"Wheelchair basketball is challenging, but fun. It really makes you think about how people deal with this every day," said Ryan Hartzell of Rochester, N.Y. after he finished playing one of many games arranged for Scouts and Venturers to try out at the Disability Awareness area at Action Point. Other activities include blind run, a cane maze, one-armed volleyball and a walker accuracy course.
"It's mission impossible," exclaimed Spencer Yeh of Long Island, N.Y., after completing a one of those challenges. Reactions of most participants are similar to his as they pass through each challenge, which offer an eye-opening experience and an opportunity to put themselves in the shoes of fellow Scouts and Venturers and others who are disabled. The Disabilities Awareness area is aimed at raising awareness of people with disabilities. Each part of earning their patch allows for a fun and insightful experience that prepares Scouts to understand another person's life.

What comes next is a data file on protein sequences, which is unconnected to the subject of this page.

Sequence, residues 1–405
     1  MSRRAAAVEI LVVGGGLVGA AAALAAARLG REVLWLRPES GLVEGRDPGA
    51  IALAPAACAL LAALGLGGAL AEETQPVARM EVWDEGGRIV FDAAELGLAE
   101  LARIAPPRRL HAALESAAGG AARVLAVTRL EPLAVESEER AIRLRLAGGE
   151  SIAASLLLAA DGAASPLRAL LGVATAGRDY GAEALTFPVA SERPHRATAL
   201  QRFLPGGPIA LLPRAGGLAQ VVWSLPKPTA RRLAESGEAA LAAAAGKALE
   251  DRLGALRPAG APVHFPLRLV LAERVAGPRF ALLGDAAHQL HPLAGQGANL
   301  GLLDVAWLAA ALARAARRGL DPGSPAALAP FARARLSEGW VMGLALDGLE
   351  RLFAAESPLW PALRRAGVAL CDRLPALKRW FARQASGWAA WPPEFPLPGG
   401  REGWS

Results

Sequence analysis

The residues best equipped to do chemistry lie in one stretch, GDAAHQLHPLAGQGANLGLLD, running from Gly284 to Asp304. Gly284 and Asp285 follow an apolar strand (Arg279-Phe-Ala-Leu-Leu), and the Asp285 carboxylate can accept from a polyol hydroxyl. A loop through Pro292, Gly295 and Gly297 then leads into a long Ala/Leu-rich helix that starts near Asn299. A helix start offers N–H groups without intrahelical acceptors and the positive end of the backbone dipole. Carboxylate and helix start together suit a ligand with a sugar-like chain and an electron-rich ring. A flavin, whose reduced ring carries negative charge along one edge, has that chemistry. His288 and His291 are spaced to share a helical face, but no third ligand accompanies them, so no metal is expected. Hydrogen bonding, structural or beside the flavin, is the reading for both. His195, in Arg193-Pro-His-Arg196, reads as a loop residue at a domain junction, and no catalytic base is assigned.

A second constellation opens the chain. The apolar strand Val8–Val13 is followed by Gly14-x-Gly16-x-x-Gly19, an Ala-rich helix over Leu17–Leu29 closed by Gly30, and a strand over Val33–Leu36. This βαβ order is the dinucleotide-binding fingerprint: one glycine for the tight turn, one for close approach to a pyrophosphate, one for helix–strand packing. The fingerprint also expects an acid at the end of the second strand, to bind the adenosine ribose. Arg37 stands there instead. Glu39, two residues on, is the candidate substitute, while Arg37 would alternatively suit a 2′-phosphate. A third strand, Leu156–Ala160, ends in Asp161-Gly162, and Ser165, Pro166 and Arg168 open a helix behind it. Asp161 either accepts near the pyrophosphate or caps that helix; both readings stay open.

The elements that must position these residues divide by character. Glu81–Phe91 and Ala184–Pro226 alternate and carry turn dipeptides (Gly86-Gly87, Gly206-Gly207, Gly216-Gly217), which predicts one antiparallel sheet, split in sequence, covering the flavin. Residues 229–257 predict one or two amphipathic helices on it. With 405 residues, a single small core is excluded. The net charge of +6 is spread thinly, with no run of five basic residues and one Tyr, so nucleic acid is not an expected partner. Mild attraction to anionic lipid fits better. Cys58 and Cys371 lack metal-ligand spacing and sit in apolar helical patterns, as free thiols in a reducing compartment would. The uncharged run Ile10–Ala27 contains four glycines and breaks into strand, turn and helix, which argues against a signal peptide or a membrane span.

An advocate for rights of disabled individuals, Eagle Scout Dr. J.R. Harding from Florida, spoke briefly on the history of rights for disabled and the Americans with Disabilities Act. He described projects facilitating universal access to public locations and called for responses from Scouts and Venturers in the audience.
"Accessibility projects will make incredible Eagle projects." says Harding, whose business card reinforces his message. It's embossed in braille, which can be read by touch rather than with the eyes.